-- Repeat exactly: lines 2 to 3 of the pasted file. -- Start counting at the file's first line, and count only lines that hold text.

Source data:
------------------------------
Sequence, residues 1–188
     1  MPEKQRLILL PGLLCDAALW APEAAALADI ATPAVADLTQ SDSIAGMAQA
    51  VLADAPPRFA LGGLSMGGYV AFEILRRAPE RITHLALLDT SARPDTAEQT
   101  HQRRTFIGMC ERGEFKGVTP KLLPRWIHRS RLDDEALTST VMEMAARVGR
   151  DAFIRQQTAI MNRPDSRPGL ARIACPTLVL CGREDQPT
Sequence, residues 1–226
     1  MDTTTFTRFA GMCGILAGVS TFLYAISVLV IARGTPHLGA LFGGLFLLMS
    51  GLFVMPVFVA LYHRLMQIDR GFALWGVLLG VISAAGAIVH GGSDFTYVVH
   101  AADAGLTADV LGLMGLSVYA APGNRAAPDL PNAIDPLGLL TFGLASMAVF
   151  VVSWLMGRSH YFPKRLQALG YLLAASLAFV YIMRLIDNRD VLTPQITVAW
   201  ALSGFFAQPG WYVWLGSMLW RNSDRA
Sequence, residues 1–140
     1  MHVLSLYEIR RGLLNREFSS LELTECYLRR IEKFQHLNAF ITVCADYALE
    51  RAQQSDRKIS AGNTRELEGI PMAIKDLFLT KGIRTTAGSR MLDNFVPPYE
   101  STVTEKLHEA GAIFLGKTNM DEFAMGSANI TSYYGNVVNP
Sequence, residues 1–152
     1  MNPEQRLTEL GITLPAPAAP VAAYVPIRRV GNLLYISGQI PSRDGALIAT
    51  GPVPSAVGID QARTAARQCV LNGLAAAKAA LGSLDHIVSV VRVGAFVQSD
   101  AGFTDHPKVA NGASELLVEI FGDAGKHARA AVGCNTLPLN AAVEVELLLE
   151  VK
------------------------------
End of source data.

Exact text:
     1  MPEKQRLILL PGLLCDAALW APEAAALADI ATPAVADLTQ SDSIAGMAQA
    51  VLADAPPRFA LGGLSMGGYV AFEILRRAPE RITHLALLDT SARPDTAEQT